Amateur Radio - N8QQ

This is the live status of the DVSwitch hub and AllStar nodes I tinker with, running from home and in the cloud. I’ve been neglecting it lately and need to get it all updated soon. And there’s some mostly-outdated ham radio bio info from past versions of this page below that. It’s all a bit of a mess, but hey, what are ya gonna do.

Allstar Nodes

Ham Radio Activity

So much of this information is outdated. It’s really more of a history I guess.

Here’s a quick audio clip from 2002 recorded during a 40 meter QSO with Chris AI8W in Michigan while testing my radio’s compression setting. His call was AB8LR at the time. This was near the peak of solar cycle 23 and the entire eastern half of the United States would often sound local here in Cincinnati.

In 1990, I entered ham radio with the technician class license N8MFG using the Gordon West (WB6NOA) study cassettes from Radio Shack. In 1991, I upgraded to the advanced class license with 13 wpm code and got the standard issue call KF8NU, a call sign nobody could remember and I couldn’t stand. A month later, I upgraded to the extra class license with 20 wpm code, thanks to the Super Morse program on DOS. In 1996, I got the call N8QQ in the first wave of vanity call applications. My initials were available (W8BAM or K8BAM) and I probably should’ve gone for one of those instead. The funny thing is, I would’ve originally been licensed in 1979 had I stayed in my high school’s amateur radio club. They voted me president, quite arbitrarily, and then I quit after only a month! At that age, I didn’t have the patience to learn morse code.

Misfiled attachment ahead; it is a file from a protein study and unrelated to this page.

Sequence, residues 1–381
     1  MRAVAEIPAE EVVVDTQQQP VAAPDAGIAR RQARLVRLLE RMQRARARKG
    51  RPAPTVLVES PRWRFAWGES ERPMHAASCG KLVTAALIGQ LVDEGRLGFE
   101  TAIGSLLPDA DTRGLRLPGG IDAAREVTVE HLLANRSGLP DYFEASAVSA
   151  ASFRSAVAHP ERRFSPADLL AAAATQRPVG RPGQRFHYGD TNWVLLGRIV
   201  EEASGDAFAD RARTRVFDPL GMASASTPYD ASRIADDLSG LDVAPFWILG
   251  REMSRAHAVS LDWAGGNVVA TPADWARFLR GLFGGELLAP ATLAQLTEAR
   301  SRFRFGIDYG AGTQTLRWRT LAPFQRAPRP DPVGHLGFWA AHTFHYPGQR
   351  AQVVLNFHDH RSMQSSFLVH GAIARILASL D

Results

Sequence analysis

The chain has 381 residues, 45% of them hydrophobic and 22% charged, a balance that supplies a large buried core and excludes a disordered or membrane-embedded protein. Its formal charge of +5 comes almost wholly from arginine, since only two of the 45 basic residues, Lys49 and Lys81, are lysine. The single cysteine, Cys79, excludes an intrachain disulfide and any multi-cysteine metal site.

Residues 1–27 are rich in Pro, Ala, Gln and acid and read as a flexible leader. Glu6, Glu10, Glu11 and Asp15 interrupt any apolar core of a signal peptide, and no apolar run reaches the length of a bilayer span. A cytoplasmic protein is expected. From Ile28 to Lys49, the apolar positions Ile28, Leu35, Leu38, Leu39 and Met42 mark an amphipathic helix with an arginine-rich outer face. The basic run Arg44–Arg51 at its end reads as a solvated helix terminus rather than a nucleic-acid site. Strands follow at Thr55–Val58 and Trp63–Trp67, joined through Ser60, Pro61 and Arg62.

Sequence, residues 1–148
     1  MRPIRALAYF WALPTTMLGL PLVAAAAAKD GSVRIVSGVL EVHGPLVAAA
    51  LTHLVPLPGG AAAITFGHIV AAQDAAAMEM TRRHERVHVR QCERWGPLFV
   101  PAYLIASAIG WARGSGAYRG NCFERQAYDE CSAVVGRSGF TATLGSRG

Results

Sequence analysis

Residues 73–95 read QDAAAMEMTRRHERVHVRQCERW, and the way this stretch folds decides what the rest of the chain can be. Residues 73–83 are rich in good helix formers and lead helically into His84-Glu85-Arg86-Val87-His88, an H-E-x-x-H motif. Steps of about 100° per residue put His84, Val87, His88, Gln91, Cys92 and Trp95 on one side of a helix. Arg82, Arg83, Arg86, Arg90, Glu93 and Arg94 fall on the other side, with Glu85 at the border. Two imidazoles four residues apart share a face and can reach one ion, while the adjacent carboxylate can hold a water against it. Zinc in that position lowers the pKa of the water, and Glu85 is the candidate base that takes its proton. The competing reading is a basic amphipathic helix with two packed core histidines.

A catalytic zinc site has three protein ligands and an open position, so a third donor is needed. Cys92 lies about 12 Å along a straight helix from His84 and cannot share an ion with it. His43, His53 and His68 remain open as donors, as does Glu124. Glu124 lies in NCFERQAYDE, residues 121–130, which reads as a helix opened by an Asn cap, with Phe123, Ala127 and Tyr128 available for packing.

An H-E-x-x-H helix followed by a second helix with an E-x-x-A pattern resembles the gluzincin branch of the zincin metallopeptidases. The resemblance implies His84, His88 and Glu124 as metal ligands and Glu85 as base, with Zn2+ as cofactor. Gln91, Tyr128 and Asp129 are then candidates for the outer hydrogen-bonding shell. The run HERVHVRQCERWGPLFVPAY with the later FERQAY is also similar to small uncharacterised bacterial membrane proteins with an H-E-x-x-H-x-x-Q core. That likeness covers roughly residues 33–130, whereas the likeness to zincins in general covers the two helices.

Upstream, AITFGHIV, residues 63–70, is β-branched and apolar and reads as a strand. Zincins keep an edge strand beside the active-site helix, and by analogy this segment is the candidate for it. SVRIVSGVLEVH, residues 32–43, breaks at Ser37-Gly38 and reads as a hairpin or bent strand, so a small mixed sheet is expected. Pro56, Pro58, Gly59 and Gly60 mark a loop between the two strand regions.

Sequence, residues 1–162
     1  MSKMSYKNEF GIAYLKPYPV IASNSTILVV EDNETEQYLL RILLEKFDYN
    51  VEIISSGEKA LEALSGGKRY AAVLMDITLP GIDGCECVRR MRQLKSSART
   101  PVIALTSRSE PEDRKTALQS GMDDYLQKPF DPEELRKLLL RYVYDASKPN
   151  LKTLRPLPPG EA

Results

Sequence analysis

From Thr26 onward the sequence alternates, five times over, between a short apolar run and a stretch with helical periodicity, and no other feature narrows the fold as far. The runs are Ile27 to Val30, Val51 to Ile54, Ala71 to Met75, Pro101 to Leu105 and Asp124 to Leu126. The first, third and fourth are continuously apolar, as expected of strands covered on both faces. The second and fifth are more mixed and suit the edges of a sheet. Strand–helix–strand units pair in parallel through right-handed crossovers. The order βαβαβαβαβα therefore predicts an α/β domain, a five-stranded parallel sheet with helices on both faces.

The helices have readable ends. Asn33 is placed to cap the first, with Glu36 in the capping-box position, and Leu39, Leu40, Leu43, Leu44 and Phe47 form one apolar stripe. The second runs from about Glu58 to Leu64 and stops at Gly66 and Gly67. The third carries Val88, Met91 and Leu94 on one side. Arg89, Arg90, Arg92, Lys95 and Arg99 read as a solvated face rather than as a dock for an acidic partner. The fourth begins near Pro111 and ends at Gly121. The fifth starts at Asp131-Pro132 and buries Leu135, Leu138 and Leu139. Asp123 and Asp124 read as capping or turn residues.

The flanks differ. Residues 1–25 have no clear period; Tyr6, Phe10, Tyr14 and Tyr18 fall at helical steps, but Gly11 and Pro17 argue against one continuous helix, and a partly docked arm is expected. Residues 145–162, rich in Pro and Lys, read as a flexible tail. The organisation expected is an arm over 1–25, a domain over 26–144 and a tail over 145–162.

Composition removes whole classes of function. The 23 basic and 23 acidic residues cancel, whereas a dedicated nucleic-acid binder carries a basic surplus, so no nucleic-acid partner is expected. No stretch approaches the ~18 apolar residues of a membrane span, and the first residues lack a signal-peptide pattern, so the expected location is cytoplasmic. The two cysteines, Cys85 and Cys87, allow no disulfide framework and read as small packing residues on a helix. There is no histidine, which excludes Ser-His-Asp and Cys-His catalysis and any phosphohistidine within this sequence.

Weather Amateur Radio Network

I built and maintain the web site for the Weather Amateur Radio Network (WARN) at warn.orgWARN is the Cincinnati chapter of Skywarn. Mike Nie KB8VMX does an excellent job with the writing and multimedia stuff. Steve Lewis N8TFD has always contributed a lot, as he does with many local organizations. 

HF Activity

I used to hang out on the Triple H Net, a late night 40m Worked All States and DX net. I hope to get back to chasing awards at some point. This net is perfect for a die-hard night owl who is discovering a bit of an interest in awards, such as myself. Check it out every night of the year on 7235 kHz at 0700 UTC. This is a very laid-back net with a lot of nice and very helpful people. My HHH Worked All States number is 794.

I’m also a member of OMISS (#4408), another WAS and general awards net. More specifically, I really like their 20m net and hope to get my Worked-All-States single band 20m award there at some point.

And there’s the 3905 Century Club that offers many awards and the chance to easily work states and countries. They offer enough different nets that you could spend all evening, every evening, working them if you had the time. My 40m 100 point number is 2163, and I’m well on my way to the 500 point endorsement. Also started on the 40m RTTY 100 point certificate but will probably abandon that in favor of their PSK31 nets.